How to Calibrate Your Sprayer

Improperly calibrated sprayers threaten the wallet and the environment. A few minutes spent calibrating a sprayer can ensure expensive inputs go where they are supposed to, and at their recommended rate. Proper calibration exposes under-pressured systems and worn tips that can sabotage a spray program and its budget. Follow these steps to calibrate your sprayer safely and effectively.

The first step in any calibration effort is to check tractor speed. Mark off lengths of 100 and 200 ft. for measuring tractor speeds of 5 mph and 10 mph, respectively. Fill the sprayer tank half full of water, select the engine throttle setting and gear that you expect to use when spraying, then record the seconds required to drive the length of each course twice, at their respective settings. Average the results of each set, and use the following equation to determine ground speed.

Actual speed = Distance (ft.) X 60
Time (sec.) X 88

The following table will help determine the actual speed if you measure the time it takes to go the specified distance. The values in the table will be the actual speed you traveled.

200 ft

 

100 ft

Time (sec.) mph Time (sec.) mph
19 7.1 19 3.6
18 7.6 18 3.8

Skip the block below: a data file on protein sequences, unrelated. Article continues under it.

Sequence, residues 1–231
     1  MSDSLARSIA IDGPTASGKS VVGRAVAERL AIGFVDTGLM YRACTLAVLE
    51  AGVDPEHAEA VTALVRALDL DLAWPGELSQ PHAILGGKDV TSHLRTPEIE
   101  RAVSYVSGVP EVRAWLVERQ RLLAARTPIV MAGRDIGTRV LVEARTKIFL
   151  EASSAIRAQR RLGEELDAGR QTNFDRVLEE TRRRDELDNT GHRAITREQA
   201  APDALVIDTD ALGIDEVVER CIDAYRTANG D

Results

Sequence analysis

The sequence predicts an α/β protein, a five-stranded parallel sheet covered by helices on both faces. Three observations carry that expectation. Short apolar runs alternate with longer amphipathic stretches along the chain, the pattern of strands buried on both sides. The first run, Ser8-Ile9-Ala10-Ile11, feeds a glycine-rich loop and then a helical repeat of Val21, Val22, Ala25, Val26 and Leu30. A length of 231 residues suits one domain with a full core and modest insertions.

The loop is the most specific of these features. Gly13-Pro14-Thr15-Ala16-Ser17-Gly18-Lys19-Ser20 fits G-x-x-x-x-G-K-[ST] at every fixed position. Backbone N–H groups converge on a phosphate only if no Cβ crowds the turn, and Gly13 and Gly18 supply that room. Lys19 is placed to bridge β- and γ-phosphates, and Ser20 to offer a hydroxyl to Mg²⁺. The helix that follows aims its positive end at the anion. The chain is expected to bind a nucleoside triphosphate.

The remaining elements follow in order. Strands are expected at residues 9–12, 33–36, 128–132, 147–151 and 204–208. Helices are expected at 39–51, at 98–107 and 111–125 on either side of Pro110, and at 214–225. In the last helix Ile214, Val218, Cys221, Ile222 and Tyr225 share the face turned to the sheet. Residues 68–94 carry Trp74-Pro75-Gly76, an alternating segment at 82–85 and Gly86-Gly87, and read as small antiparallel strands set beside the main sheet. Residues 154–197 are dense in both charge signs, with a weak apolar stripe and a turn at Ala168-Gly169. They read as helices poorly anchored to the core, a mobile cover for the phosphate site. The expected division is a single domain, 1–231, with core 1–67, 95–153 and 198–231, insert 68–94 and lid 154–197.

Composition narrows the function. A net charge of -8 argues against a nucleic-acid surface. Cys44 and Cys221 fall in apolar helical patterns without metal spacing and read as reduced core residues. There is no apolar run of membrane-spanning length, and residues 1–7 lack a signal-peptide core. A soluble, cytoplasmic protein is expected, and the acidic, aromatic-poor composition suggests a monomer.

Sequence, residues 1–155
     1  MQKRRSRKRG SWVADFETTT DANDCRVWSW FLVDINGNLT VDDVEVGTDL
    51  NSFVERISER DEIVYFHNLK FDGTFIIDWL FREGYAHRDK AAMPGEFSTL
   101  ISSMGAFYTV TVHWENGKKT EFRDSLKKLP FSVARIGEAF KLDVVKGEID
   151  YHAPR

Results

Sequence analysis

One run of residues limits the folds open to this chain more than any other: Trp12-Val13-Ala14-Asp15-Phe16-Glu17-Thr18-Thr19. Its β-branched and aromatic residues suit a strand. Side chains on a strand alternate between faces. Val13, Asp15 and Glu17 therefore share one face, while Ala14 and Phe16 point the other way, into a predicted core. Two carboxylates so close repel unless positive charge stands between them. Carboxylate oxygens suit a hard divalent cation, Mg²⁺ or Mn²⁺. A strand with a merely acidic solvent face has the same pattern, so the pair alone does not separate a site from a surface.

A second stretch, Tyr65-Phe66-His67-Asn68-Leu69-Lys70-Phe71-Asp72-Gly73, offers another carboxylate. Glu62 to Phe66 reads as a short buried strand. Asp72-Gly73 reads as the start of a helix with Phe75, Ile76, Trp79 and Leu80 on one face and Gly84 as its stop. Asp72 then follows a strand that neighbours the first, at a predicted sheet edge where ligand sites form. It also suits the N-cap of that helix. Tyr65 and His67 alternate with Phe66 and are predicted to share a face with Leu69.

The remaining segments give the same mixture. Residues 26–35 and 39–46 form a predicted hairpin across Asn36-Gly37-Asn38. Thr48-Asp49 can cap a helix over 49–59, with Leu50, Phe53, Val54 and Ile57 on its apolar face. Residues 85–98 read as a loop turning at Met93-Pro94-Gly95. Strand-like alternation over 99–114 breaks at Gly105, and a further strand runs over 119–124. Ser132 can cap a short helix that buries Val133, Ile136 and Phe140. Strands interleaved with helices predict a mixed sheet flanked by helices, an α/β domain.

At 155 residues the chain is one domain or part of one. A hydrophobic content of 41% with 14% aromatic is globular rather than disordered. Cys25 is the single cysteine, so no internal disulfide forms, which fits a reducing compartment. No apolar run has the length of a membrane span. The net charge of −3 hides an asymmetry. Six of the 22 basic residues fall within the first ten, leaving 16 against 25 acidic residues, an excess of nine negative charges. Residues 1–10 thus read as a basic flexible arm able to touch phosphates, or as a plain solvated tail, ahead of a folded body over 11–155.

17 8.0 17 4
16 8.5 16 4.3
15 9.0 15 4.6
14 9.7 14 4.9
13.6 10 13.6 5
13 10.5 13 5.2
12 11.4 12 5.7
11 12.4 11 6.2
10 13.6 10 6.8
9 15.1 9 7.6
8 17 8 8.5
7 19.5 7 9.7

Repeat the test as needed until the correct speed is identified. Mark that setting on the tachometer or speedometer for in-field reference.

SPRAYER CALIBRATION   Field Test

1. Determine Distance to be run:

Distance to be run: 43560 sq ft/acre  = linear distance (ft) in   1 acre.
boom width in ft.

Example – For a 40′ boom spraying one acre:

 43560 sq ft/acre  = 1089 linear feet

40 ft boom

2. Divide the above distance by 10 to get an easier number to work with. Example: 1089/10=108.9.

3. Collect and measure material from 1 nozzle (in ounces) while spraying this distance (108.9 ft).

4. Multiply the number of ounces measured by the number of nozzles on the boom, then multiply this number by 10 to compensate for dividing by 10 in step 2. This equals the total ounces per acre sprayed.

5. To get gallons per acre: Since 1 gallon = 128 ounces, divide the total ounces measured by 128.

Ounces/Acre  = gal/acre

128

Example: We collect 32 ounces from 1 nozzle on a 12 nozzle, 40′ boom, traveling 108.9 ft;

32 oz X 12 nozzles  = 384 ounces.

384 ounces X 10 (compensation factor) = 3840 ounces

3840/128 = 30 gallons/acre.

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